Thousands of Scots have signed up to learn how to save someone’s life in the event of an opioid overdose.
Almost 4500 people responded to a nationwide campaign to learn how to spot the signs of an overdose, administer anti-overdose spray naloxone and receive a free kit.
Stop The Deaths – a joint initiative by the Scottish Government and the Scottish Drugs Forum (SDF) – was advertised across the country after launching in August last year.
Glasgow Taxis helped to raise awareness of the campaign and more than 20 of the firm’s drivers have volunteered to carry naloxone.
Dougie MacPherson, Glasgow Taxis chairman, said: “Glasgow Taxis is proud to support this very important initiative.
“On a personal level, during the 1980s – before entering the taxi trade – I worked in the north of Glasgow in some of the city’s worst affected areas like Possilpark.
“Heroin and HIV destroyed a generation back then and it left an indelible impression on those who experienced it including me.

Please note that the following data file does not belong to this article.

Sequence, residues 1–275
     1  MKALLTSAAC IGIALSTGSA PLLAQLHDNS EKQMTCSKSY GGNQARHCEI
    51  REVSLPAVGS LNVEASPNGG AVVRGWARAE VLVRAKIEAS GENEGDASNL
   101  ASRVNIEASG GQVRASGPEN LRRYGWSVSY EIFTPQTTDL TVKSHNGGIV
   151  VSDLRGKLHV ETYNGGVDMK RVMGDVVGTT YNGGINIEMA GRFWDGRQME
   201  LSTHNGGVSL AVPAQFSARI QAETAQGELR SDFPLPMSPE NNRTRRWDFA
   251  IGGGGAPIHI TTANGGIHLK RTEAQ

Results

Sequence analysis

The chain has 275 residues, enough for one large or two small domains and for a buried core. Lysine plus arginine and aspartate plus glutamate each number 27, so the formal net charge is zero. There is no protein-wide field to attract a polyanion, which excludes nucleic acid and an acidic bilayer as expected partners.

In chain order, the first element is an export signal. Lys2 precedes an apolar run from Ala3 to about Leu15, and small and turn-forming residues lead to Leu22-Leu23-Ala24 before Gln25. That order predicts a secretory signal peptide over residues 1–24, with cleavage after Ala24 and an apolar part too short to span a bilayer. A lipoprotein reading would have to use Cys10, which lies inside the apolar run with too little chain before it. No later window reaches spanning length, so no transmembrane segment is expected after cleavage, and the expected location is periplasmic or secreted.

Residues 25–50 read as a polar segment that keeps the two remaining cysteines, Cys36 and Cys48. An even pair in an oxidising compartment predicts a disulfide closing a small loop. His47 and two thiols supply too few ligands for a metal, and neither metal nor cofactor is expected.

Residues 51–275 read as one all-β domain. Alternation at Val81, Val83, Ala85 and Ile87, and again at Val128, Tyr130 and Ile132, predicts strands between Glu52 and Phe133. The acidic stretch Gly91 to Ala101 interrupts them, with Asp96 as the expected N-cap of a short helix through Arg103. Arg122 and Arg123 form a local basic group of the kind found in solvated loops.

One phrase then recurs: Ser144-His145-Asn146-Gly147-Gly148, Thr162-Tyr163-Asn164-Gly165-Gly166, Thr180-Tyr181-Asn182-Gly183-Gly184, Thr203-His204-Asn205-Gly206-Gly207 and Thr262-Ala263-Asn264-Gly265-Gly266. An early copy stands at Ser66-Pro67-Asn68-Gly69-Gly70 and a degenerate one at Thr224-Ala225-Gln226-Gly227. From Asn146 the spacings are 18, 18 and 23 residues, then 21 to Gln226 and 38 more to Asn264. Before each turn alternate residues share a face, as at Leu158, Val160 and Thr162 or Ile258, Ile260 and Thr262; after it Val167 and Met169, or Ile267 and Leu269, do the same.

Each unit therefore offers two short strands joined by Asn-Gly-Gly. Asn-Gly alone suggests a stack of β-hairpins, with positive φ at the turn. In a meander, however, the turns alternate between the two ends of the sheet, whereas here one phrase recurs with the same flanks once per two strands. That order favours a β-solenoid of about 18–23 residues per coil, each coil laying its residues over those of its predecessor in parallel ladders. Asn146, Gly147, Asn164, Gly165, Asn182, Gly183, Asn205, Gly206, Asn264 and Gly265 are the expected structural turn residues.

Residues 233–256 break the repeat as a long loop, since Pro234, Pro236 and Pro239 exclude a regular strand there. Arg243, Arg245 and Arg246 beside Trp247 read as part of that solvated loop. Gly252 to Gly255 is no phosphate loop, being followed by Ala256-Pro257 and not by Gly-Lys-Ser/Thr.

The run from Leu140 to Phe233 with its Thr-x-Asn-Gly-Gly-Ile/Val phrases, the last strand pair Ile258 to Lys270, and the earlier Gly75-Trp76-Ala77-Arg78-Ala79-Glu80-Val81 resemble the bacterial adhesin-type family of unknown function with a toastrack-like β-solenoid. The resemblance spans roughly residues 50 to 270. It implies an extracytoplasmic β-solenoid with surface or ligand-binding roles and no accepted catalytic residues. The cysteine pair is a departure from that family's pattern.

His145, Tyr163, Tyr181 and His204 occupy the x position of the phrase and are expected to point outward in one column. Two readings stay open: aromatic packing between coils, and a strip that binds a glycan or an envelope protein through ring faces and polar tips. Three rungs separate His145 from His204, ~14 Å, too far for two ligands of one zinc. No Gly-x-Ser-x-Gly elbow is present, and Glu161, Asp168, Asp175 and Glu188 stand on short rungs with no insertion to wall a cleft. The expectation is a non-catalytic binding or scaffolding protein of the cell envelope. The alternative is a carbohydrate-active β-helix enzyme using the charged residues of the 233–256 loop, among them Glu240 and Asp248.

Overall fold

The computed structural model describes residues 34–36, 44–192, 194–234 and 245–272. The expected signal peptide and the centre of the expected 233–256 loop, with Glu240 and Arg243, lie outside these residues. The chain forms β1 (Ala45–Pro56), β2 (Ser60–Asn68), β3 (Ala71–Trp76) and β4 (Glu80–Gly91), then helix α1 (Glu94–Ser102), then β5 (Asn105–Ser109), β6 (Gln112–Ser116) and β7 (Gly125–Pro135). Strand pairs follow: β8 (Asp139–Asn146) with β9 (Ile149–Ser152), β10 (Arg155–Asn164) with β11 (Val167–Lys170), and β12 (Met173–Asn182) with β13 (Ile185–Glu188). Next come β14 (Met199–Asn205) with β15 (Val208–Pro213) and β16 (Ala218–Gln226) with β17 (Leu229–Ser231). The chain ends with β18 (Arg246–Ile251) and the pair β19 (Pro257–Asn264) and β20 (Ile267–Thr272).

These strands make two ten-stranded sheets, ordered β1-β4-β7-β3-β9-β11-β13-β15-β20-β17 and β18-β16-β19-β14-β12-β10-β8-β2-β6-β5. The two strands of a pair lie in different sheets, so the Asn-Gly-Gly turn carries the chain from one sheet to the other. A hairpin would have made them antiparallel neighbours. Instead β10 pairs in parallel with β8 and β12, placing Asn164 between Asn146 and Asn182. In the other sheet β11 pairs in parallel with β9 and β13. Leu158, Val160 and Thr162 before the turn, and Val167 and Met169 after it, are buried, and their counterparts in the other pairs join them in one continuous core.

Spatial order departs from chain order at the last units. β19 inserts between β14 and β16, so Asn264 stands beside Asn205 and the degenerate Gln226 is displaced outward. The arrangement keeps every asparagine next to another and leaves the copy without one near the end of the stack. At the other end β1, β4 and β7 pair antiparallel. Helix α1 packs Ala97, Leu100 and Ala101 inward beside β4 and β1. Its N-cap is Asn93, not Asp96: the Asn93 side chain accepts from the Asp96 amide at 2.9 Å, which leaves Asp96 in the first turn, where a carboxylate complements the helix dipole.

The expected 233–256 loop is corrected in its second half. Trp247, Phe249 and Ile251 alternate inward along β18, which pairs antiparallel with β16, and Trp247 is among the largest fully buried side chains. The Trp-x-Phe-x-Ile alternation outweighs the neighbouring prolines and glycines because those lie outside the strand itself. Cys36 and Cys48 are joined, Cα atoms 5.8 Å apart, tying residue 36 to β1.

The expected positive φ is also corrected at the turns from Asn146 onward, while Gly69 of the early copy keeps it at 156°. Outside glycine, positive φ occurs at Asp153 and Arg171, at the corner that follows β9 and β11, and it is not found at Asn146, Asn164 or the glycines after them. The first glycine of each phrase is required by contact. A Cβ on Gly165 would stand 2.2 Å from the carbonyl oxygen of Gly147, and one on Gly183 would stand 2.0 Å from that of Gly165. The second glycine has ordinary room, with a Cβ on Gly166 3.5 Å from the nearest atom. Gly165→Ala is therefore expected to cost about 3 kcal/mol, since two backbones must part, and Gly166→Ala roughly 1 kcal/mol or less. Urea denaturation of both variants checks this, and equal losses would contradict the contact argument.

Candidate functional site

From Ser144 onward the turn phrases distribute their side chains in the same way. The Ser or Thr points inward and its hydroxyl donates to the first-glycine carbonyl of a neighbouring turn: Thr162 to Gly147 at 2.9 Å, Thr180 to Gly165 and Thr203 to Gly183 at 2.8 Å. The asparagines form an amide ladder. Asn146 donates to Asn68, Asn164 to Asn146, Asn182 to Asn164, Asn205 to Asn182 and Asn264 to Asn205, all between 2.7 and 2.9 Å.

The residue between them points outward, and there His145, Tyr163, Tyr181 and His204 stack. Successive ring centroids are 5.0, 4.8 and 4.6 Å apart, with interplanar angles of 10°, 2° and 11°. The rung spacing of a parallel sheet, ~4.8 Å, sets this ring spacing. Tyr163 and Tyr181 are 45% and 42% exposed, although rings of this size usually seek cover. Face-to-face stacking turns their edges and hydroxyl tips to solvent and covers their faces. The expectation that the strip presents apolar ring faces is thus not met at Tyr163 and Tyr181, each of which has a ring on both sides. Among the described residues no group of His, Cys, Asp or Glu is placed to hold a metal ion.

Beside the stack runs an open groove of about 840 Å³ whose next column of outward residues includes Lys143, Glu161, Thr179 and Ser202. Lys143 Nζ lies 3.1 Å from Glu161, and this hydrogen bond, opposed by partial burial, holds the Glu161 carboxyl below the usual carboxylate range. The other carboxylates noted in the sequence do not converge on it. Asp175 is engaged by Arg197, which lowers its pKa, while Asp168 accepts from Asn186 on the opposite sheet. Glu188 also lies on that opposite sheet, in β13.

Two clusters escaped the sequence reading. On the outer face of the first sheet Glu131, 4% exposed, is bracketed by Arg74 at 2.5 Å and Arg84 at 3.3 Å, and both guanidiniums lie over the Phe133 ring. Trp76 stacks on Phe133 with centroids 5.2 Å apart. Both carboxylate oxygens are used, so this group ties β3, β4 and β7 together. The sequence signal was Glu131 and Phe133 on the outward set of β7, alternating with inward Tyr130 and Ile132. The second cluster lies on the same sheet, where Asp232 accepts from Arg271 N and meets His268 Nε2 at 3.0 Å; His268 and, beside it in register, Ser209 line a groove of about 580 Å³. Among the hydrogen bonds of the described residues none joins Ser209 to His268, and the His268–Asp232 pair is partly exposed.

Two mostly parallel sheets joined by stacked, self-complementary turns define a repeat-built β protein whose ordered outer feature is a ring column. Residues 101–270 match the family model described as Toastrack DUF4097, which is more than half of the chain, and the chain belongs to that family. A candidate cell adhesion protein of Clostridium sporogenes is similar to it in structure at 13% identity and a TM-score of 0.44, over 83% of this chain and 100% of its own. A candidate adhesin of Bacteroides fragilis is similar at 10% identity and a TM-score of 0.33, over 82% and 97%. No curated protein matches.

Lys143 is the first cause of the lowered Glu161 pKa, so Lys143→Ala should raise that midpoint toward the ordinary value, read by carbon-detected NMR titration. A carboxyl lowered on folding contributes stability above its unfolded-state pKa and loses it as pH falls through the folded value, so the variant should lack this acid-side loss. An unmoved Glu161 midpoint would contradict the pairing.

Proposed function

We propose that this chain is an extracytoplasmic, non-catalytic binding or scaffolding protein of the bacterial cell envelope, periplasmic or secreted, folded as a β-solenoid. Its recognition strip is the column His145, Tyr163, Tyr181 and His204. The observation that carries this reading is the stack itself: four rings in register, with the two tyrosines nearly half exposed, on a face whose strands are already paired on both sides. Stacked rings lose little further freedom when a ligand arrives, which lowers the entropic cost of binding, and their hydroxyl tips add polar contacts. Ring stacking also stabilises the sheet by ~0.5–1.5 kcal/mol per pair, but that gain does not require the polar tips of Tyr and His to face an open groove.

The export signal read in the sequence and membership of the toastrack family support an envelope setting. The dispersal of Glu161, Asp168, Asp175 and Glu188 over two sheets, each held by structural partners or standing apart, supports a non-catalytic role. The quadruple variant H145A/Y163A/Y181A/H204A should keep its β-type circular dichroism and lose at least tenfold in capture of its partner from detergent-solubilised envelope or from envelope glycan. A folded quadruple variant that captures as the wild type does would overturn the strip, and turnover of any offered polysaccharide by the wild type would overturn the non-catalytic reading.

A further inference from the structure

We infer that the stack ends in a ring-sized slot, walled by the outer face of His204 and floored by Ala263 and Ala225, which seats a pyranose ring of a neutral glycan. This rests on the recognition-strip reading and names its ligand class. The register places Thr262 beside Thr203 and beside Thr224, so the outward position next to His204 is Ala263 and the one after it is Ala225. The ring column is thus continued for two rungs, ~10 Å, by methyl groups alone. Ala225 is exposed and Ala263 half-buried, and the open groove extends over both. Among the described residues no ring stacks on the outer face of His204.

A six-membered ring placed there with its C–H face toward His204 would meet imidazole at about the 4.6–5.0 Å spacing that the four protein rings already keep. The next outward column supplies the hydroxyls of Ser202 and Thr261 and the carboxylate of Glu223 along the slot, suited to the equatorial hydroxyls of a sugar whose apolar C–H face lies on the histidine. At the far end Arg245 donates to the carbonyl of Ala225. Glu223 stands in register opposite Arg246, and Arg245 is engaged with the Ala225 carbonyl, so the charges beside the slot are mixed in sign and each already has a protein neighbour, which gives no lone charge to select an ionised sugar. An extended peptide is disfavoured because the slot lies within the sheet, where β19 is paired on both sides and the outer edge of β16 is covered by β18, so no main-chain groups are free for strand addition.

“The current drug death figures serve as a stark reminder that the problem has not gone away and any way of reducing the number of deaths is worth supporting.”
In 2020, there were 1339 drug-related deaths registered in Scotland, 5% (59 deaths) more than in 2019. This was the largest number ever recorded since the series began in 1996.
Kirsten Horsburgh, strategy coordinator for drug death prevention at SDF, thanked Glasgow Taxis for helping to share the campaign.
She added: “The campaign has demonstrated that people in Scotland are keen to assist efforts to prevent drug deaths.
“Naloxone is an emergency treatment that can help save someone’s life and it is essential that people are equipped with the knowledge, skills and tools they need to provide help to someone experiencing a life-threatening overdose.”
The campaign has since finished, but people can still register their interest in receiving training and a free kit.
Angela Constance, drugs policy minister, described the initiative as a “vital part of the national mission on the drug deaths crisis”.
The MSP added: “We hope that the campaign has also helped reduce the stigmatisation of people at risk of overdose and people with a drug problem more broadly.
“Naloxone is one of a wide range of measures being used to address the public health emergency of drugs deaths, but it plays an important role and I hope as many people as possible will visit the Stop The Deaths website to find out more.”